San Francisco Assessor-Recorder Joaquín Torres announced July 25 that San Francisco’s assessment roll value grew to a record $328 billion for 2021-22, an increase of 3.7 percent ($11.6 billion) over the previous fiscal year.
“The 2021-2022 roll reflects the great work of my team, who successfully transitioned to remote work and continued to improve our ability to produce fair, accurate and timely valuations,” Torres said in a written statement. “It is an honor and privilege to lead an office that is responsible for over $3.7 billion in annual revenues. Our office worked diligently to secure these vital resources and communities who’ve been through an extremely challenging year will benefit from the City’s investments in education, fundamental local services and a sustained and equitable economic recovery that addresses our City’s most pressing issues.”
The assessment roll growth was attributed to real property sales, new construction, and the annual increase in inflation adjustment based on the California Consumer Price Index.
Torres, who took office in February to fill a vacancy left when Carmen Chu was sworn in as San Francisco’s city administrator, added:
“2020 was a challenging year and our office has proactively given temporary value reductions to over 5,500 condominiums that were impacted by the pandemic due to economic conditions, relocation, vacancy and other effects as allowed by state law.”
Additionally, the assessor said his office surveyed more than 2,400 businesses, resulting in more than $1.5 billion in temporary property tax relief to commercial properties “most affected by the pandemic.”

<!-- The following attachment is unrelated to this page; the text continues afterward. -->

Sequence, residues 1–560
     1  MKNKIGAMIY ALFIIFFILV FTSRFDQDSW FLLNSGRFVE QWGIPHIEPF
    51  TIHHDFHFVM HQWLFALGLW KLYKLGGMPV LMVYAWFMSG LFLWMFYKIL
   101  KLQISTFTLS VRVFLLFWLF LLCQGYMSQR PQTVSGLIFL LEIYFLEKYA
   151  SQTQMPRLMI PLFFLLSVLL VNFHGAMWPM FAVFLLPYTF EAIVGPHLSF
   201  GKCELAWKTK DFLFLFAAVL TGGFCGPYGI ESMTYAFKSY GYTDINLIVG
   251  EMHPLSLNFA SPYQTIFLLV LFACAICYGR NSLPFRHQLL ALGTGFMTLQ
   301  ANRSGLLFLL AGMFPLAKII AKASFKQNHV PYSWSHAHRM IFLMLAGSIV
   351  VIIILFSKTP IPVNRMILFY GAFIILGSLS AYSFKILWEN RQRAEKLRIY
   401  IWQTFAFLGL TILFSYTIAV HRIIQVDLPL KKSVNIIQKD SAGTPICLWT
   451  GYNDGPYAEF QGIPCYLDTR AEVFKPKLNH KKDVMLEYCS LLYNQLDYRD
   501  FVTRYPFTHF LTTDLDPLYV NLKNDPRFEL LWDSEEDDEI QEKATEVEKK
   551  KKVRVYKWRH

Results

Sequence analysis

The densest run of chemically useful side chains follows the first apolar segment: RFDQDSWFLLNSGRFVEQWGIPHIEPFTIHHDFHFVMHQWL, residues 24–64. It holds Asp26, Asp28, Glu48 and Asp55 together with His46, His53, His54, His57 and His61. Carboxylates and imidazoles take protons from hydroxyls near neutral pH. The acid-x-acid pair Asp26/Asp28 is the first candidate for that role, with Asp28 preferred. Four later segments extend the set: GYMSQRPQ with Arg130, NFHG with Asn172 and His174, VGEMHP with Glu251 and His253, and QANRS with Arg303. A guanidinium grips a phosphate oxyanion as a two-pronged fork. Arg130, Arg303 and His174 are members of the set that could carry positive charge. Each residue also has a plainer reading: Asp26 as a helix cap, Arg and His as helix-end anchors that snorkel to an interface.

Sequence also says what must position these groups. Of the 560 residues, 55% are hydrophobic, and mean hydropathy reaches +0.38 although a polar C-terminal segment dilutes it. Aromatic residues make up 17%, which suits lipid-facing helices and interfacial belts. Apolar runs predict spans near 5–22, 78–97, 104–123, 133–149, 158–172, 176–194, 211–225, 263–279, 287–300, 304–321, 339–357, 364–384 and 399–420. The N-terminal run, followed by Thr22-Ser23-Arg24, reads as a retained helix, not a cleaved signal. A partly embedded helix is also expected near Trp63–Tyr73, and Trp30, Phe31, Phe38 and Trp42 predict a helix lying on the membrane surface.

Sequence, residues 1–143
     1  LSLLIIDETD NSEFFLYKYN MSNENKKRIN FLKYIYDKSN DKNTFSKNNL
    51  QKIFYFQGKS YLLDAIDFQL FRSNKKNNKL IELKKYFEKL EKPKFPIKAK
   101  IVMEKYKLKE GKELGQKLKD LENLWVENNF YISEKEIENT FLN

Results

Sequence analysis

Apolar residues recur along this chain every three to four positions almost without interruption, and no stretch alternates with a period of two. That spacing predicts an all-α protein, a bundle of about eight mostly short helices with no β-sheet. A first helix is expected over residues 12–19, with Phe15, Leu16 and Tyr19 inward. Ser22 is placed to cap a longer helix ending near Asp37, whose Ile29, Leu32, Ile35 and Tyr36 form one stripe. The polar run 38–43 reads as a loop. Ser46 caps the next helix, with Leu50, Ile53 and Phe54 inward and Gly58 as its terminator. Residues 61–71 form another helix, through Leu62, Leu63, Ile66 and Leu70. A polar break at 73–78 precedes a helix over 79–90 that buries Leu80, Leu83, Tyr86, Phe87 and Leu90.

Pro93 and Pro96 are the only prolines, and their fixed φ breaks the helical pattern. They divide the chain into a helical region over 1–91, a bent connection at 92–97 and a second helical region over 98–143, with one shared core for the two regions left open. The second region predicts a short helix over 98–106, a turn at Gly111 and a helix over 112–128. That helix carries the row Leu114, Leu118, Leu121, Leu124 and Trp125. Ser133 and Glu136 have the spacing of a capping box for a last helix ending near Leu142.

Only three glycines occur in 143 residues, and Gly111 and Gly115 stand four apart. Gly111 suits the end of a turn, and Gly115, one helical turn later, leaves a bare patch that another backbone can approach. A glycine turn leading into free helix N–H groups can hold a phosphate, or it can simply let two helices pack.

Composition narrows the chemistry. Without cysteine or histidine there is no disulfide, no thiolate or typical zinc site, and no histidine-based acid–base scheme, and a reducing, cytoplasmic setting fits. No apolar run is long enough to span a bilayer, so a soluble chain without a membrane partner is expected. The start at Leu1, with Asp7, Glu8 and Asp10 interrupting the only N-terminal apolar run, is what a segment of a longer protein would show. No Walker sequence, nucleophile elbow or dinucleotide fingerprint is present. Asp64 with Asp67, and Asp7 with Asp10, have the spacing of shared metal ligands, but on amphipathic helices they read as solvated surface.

The office said it will “continue to quantify the property value impacts of COVID-19,” and will notify homeowners and business owners by mail if their property values were reduced temporarily.
The assessor noted that “property Tax is San Francisco’s most reliable source of funding and goes towards fundamental public services such as first responders, schools, libraries, and our parks, as well as other City and County services.”
As of August 27, assessors in 21 of the state’s 58 counties had made their 2021 assessment rolls publicly accessible, and all noted increases from last year. Based on publicly available data, here is the assessment roll growth in each county that has reported its numbers:
- Contra Costa, 3.44 percent.
- Fresno, 4.19 percent.
- Kern, 0.87 percent.
- Los Angeles, 3.7 percent.
- Marin, 3.95 percent.
- Napa, 3.35 percent.
- Orange, 3.47 percent.
- Placer, 5.88 percent.
- Riverside, 5.58 percent.
- Sacramento, 5.19 percent.
- San Bernardino, 6.5 percent.
- San Diego, 3.72 percent.
- San Francisco, 3.7 percent.
- San Mateo, 4.16 percent.
- Santa Clara, 4.6 percent.
- Shasta, 5.23 percent.
- Solano, 2.97 percent.
- Sonoma, 3 percent.
- Stanislaus, 4.8 percent.
- Ventura, 3.6 percent.
- Yolo, 4.45 percent.
Growth is lower than in some previous years, primarily because the inflation factor – the maximum increase in value for a property that has not changed owners or undergone new construction – is 1.036 percent for 2021. “This is only the eleventh time in history since 1976 that the inflation factor has fallen below 2 percent [the maximum allowed under Proposition 13],” Torres noted.
Although July 1 marked the official deadline for assessors to complete their rolls, the State Board of Equalization has granted time extensions to many counties and there typically is a delay in the public release of the information in many counties.